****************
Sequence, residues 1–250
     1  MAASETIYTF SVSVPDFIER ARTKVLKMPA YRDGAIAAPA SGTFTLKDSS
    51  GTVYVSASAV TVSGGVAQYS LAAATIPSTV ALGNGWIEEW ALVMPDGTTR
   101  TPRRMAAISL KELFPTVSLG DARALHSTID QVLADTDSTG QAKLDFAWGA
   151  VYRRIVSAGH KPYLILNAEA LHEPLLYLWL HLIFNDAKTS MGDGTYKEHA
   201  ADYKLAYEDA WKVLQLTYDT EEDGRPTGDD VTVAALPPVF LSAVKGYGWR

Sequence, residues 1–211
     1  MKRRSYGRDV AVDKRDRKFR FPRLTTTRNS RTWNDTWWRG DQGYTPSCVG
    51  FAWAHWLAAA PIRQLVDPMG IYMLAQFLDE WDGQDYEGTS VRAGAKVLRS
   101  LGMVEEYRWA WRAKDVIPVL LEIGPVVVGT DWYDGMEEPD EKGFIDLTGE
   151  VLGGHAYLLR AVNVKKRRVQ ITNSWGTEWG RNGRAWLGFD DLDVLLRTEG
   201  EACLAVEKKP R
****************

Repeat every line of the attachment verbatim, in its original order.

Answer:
Sequence, residues 1–250
     1  MAASETIYTF SVSVPDFIER ARTKVLKMPA YRDGAIAAPA SGTFTLKDSS
    51  GTVYVSASAV TVSGGVAQYS LAAATIPSTV ALGNGWIEEW ALVMPDGTTR
   101  TPRRMAAISL KELFPTVSLG DARALHSTID QVLADTDSTG QAKLDFAWGA
   151  VYRRIVSAGH KPYLILNAEA LHEPLLYLWL HLIFNDAKTS MGDGTYKEHA
   201  ADYKLAYEDA WKVLQLTYDT EEDGRPTGDD VTVAALPPVF LSAVKGYGWR

Sequence, residues 1–211
     1  MKRRSYGRDV AVDKRDRKFR FPRLTTTRNS RTWNDTWWRG DQGYTPSCVG
    51  FAWAHWLAAA PIRQLVDPMG IYMLAQFLDE WDGQDYEGTS VRAGAKVLRS
   101  LGMVEEYRWA WRAKDVIPVL LEIGPVVVGT DWYDGMEEPD EKGFIDLTGE
   151  VLGGHAYLLR AVNVKKRRVQ ITNSWGTEWG RNGRAWLGFD DLDVLLRTEG
   201  EACLAVEKKP R